It’s one thing to say, “I think X is the case,” but when you assert without equivocation that “X is the case and anyone who disagrees just doesn’t understand,” then you bear a burden of proof that you haven’t even begun to bear; that I increasingly am persuaded you are incapable of even comprehending.

                You’re good at bluster and bullying, but is there any bite behind the bark?Report

              • Avatar BlaiseP says:

                James, this isn’t a question of mortgages. It’s a question of derivative instruments traded on unregulated risk markets, completely fucking unrelated to the underlying instrument.

                I laid out the case, from a Libertarian perspective, how a repeal of Glass-Steagall could have actually succeeded. You’ve run around and screamed like a stuck hog but you haven’t addressed that issue. You then ask if I want to take the country off the fractional-reserve system. Ask me a dozen more dumbass questions, don’t answer any of mine. What are you, the Little Prince or something? He didn’t answer questions, either.

                I’m not here to discuss what Krugman and DeLong have to say about G-S. They’re both making simplistic arguments and I’m not here to address them. I’m here to point out, you, James Hanley, don’t know what you’re talking about when it comes to risk markets. We could have replaced G-S with a regulated market system, exactly as government bonds are traded, on open exchanges. Best of both worlds: we have money moving in and out of mortgages, just like any other risk market, with trading accounts settled through the Fed just like MERC or NYMEX or ICE or anyone else’s market. But since you’ve never actually been involved in a futures market, this is all lost on you.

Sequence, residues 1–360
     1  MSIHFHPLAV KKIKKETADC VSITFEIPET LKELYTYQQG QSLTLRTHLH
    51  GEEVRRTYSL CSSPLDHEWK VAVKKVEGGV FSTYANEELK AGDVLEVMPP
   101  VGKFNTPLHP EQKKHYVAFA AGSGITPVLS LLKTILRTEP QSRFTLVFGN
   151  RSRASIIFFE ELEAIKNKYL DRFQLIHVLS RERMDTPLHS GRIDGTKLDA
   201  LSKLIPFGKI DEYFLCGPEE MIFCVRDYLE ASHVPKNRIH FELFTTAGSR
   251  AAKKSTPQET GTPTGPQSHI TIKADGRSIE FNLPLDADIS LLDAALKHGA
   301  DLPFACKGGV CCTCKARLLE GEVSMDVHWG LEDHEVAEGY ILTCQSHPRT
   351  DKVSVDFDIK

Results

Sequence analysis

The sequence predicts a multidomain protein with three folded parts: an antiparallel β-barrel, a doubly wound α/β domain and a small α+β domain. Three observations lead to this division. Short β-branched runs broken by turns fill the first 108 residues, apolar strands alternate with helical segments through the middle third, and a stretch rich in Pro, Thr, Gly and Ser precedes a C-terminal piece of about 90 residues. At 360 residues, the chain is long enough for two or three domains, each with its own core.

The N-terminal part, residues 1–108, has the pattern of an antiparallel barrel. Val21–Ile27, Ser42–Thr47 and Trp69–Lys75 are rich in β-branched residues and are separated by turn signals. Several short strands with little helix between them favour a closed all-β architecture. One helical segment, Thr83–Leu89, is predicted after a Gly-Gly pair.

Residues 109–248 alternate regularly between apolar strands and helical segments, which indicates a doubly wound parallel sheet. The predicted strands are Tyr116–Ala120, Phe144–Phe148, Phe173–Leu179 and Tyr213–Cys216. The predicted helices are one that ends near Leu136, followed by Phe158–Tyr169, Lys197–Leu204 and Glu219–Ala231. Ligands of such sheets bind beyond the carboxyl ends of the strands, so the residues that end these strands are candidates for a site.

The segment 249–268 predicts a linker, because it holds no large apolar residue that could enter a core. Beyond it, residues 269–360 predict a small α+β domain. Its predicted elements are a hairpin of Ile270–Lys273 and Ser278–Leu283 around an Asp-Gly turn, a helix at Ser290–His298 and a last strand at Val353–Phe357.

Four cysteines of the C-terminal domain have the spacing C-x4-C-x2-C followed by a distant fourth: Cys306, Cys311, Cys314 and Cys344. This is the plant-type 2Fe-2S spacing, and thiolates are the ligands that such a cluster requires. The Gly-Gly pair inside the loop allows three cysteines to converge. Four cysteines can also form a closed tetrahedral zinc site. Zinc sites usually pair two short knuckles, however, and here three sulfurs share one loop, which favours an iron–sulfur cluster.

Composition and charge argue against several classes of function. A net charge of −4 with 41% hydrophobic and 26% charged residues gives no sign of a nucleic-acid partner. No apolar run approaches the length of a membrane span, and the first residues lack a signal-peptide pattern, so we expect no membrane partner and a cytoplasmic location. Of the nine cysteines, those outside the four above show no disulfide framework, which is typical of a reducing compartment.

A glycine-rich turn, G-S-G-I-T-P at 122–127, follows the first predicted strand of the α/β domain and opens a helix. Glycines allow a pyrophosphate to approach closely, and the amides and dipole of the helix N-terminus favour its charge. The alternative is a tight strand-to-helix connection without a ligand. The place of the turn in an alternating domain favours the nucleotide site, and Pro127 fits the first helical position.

Quit hiding behind Krugman and DeLong. They’re not going to save your argument. As for bluster and bullying, stop whining and step up to the plate and defend your position. Absolutely everything you’ve said about Glass-Steagall is wrong. Glass-Steagall was set up to interactions between regulated banks and investment houses, the very conflation which had led everyone in the 1920s to secure their crazy stock market trading against their mortgages.Report

              • Avatar James Hanley says:

                As I said, this whole post was an elaborate setup. My intention was to expose your inability to defend your claim in any detail. You don’t get to say that’s not the issue–it’s my post, not yours, and your G-S claim is the issue of my post.

                Defend it if you can, but I haven’t seen any evidence that you can.Report

              • Avatar BlaiseP says:

                You and Inspector Clouseau. A cunning ploy. G’wan ‘long now, Hanley. You don’t answer questions. Go run off and send an email to Brad DeLong. Maybe he’ll answer my questions about the fundamentals of risk markets. He’s already made an ass of himself with Larry Summers. Neither of them foresaw the crash of 2008. I did, because I was writing the rulesets for Citigroup.Report